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Sports leaders weigh in on LCHS field contract

January 27, 2011|By Andrew Shortall, andrew.shortall@latimes.com
(Tim Berger/Staff…)

Leaders of La Cañada sports groups asked La Cañada Unified School District officials not forget about them as the district investigates the possibility of nullifying a current contract and entering into a new one for the use and upkeep of La Cañada High School's football field.

The requests came during the city and school board's joint-use committee meeting Thursday morning.

Concerns about the limited availability of the field, under the district's current agreement with the Arroyo United Foundation and Spartan Boosters Club, were raised by members of the La Cañada Gladiators youth football program and a La Cañada High coach.

The district is looking into terminating its current contract with Arroyo Foundation and the Spartan Boosters that lasts through 2018, and entering into a similar contract with a new organization for joint-use of the field. There won't be anything new to report on the situation unless the current contract is terminated. A meeting between the three parties is coming up in the next couple of weeks, Supt. Jim Stratton said.

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"Right now we're trying to clarify the ongoing commitment to that contract," Stratton said.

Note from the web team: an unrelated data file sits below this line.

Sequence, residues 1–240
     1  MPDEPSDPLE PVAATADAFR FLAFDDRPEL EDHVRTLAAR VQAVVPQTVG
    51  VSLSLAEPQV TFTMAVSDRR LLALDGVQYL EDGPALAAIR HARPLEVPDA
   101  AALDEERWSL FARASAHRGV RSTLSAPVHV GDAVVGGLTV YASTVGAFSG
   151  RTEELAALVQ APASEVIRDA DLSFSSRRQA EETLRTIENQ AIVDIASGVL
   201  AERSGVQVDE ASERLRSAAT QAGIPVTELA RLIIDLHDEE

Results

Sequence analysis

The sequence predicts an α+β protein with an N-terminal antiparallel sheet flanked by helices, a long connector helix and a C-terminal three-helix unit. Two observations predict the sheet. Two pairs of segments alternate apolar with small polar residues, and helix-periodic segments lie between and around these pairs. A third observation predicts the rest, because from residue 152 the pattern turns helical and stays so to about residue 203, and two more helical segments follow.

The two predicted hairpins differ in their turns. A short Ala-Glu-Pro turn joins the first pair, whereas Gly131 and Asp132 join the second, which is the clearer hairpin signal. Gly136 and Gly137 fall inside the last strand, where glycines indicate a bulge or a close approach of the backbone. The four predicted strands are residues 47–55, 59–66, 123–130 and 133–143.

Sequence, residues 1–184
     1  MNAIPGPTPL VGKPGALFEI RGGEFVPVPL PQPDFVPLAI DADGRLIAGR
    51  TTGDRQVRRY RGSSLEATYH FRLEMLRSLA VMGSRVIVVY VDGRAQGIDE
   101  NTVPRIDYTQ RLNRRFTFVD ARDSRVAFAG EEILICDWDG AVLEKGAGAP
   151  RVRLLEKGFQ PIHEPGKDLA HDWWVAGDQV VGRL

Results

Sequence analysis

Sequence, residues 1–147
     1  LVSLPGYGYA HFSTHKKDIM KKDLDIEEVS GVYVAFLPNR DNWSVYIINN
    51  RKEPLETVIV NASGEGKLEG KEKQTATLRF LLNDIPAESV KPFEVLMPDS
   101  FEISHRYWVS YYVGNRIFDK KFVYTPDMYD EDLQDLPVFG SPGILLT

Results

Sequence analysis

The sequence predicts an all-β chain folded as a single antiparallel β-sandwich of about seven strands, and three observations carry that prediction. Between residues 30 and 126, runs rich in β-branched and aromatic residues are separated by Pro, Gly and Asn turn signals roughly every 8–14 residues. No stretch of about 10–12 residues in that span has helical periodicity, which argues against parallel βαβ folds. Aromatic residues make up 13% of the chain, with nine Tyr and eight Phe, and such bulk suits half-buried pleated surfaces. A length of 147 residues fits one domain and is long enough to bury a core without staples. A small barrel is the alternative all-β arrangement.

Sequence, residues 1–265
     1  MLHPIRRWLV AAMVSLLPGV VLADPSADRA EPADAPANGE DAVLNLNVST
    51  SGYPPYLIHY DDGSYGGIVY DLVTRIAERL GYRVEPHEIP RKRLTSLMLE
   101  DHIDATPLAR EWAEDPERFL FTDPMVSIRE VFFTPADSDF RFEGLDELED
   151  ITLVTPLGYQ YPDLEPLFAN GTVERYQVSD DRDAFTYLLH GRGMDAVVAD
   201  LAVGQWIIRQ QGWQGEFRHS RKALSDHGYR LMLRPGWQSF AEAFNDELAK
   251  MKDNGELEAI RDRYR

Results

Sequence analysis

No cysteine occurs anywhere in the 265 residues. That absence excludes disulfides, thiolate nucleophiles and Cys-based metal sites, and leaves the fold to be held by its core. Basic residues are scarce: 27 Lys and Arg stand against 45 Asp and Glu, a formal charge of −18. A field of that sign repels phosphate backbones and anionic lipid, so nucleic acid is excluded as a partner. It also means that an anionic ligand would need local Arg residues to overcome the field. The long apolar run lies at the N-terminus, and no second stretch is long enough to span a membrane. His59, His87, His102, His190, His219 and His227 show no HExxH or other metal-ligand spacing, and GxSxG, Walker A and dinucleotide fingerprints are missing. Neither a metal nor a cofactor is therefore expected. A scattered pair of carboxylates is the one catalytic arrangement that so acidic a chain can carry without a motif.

La Cañada High's field will need to be replaced within the next four years. The estimated cost for replacing the field's artificial turf is $382,000, said Mike Leininger, the district's assistant superintendent of facilities and operations.

The problem is the Arroyo Foundation and Boosters Club have had difficulty meeting their respective annual payments of $8,000 and $5,000, which are designated to be used for maintaining and replacing the seven-year old field. This has the district researching alternative arrangements.

Cindy Wilcox, a school board member, said she's wary of entering into a similar agreement with a new organization, which Leininger describes as his ideal situation. The problem with the current arrangement, Wilcox says, is that the field becomes overused. The Arroyo United Foundation had control of the field on weekends and weekday evenings — from 5:30 p.m. on, she said.

"The grass never rested," she said. "I'm really reluctant to sign another contract when we need to rehabilitate that field. If the [next group] takes as many hours, I don't want to sign that contract."

Alison Dodson, coach of the La Cañada High girls' lacrosse team, raised concerns about the limited use of the field Thursday morning.

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